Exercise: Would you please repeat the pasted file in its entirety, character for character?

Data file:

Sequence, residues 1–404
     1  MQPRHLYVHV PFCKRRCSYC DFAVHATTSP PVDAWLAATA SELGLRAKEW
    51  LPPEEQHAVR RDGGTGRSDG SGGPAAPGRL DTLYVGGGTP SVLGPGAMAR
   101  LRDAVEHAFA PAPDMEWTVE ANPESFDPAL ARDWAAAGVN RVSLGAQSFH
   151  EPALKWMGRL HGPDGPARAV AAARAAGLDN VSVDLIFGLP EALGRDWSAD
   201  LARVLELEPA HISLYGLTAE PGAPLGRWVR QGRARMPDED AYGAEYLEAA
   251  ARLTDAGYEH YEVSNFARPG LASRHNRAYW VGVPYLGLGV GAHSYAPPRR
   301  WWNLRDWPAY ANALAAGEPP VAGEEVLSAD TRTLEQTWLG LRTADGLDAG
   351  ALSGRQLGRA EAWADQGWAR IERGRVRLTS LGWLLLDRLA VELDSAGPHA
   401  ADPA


Sequence, residues 1–404
     1  MQPRHLYVHV PFCKRRCSYC DFAVHATTSP PVDAWLAATA SELGLRAKEW
    51  LPPEEQHAVR RDGGTGRSDG SGGPAAPGRL DTLYVGGGTP SVLGPGAMAR
   101  LRDAVEHAFA PAPDMEWTVE ANPESFDPAL ARDWAAAGVN RVSLGAQSFH
   151  EPALKWMGRL HGPDGPARAV AAARAAGLDN VSVDLIFGLP EALGRDWSAD
   201  LARVLELEPA HISLYGLTAE PGAPLGRWVR QGRARMPDED AYGAEYLEAA
   251  ARLTDAGYEH YEVSNFARPG LASRHNRAYW VGVPYLGLGV GAHSYAPPRR
   301  WWNLRDWPAY ANALAAGEPP VAGEEVLSAD TRTLEQTWLG LRTADGLDAG
   351  ALSGRQLGRA EAWADQGWAR IERGRVRLTS LGWLLLDRLA VELDSAGPHA
   401  ADPA